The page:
Lacey LA, Niecko T, Leibman C, Liu E, Grundman M

J Nutr Health Aging 2013;17:745-50.

Publication date: November 1, 2013


In patients with Alzheimer’s disease (AD), dependence has been shown to correlate with impairments in cognition, function and behaviour. In this longitudinal, observational study conducted at 39 sites in the United States and Europe between 2006 and 2009, the authors evaluated the association between dependence (as assessed by the Dependence Scale [DS]), cognitive function (Mini mental State Examination [MMSE] and Alzheimer’s Disease Assessment Scale−Cognitive Subscale [ADAS-Cog]), functional ability (Disability Assessment for Dementia [DAD]) and neuropsychiatric symptoms (Neuropsychiatric Inventory [NPI]), on the one hand, and resource utilization (Resource Utilization in Dementia Questionnaire), on the other hand.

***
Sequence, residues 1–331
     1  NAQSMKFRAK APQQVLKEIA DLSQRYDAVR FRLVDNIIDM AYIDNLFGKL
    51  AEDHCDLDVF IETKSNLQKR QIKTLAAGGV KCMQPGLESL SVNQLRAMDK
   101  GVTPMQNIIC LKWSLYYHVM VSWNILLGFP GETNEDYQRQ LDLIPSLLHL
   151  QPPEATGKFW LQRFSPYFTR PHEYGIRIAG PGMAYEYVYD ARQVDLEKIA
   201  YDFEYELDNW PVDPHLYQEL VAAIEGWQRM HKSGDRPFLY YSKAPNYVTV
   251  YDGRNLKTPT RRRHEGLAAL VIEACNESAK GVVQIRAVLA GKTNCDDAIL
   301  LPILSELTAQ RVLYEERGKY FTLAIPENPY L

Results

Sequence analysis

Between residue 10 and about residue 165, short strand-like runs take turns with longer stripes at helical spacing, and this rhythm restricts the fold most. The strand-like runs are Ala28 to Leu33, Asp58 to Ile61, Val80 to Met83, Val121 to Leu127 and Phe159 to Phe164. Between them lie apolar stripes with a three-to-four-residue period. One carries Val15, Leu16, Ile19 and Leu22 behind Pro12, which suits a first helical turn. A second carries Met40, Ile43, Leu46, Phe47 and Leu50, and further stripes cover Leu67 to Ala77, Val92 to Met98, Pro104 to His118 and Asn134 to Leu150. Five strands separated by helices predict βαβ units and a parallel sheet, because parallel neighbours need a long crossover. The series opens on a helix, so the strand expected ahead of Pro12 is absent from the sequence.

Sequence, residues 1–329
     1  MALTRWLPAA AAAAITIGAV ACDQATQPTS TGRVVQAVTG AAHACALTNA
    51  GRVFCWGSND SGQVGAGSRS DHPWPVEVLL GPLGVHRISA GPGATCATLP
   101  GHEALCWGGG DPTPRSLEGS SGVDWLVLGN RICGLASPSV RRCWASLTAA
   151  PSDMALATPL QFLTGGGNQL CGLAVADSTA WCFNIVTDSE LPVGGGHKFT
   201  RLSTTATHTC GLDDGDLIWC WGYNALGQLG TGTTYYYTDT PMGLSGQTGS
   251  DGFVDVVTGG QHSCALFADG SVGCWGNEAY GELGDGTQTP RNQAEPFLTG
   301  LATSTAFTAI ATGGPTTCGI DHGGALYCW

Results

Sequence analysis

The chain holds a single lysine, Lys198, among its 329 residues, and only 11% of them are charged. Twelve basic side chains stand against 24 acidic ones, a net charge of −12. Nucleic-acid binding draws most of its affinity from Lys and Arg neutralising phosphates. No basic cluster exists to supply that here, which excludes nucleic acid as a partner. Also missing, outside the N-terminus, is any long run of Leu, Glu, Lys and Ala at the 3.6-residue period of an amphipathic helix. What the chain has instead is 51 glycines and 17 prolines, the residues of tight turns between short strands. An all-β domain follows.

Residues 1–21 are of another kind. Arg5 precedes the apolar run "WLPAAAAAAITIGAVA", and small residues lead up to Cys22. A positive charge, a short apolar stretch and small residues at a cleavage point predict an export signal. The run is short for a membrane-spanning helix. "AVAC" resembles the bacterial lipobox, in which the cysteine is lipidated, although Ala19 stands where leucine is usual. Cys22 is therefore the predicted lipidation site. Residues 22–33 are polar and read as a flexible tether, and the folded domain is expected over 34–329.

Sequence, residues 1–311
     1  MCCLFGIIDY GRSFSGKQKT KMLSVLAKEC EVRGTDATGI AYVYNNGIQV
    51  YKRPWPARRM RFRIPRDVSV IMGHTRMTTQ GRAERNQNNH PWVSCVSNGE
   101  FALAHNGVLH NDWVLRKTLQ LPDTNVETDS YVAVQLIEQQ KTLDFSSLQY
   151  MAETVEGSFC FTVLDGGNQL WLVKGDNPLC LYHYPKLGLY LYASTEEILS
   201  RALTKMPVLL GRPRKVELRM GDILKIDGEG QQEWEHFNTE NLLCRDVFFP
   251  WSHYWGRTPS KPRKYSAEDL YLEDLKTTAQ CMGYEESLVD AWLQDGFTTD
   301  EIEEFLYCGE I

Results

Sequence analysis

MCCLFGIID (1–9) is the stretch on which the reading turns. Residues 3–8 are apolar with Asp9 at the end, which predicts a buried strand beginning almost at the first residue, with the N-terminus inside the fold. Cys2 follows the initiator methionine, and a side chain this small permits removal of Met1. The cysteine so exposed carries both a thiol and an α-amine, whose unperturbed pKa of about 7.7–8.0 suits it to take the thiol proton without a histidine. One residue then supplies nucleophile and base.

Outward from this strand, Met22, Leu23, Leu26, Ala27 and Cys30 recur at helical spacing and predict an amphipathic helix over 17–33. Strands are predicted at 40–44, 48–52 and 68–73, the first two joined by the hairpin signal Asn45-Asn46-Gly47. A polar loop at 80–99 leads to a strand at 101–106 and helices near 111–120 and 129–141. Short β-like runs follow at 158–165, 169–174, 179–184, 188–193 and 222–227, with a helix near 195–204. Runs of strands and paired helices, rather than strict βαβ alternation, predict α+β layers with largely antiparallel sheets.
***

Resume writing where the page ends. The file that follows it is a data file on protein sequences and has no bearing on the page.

A total of 196 patients with mild to moderate AD (mean age, 75 years) participated in the study. A complete DS profile was available for 65 patients. A significant association was found between DS score and total care cost, indicating an increase in resource utilization with increasing dependence (a 1-unit increase in DS score was associated with a 28.6% increase in total care cost). Worsening of all measures of cognition, function and behaviour were also associated with quantified increases in total care cost.

As the authors note, “strategies that prevent deterioration in the clinical measures, or delay dependence, should result in total cost savings”, and the results of this study can “assist in the economic assessment of interventions which effect cognition, function and behavior in addition to dependence.

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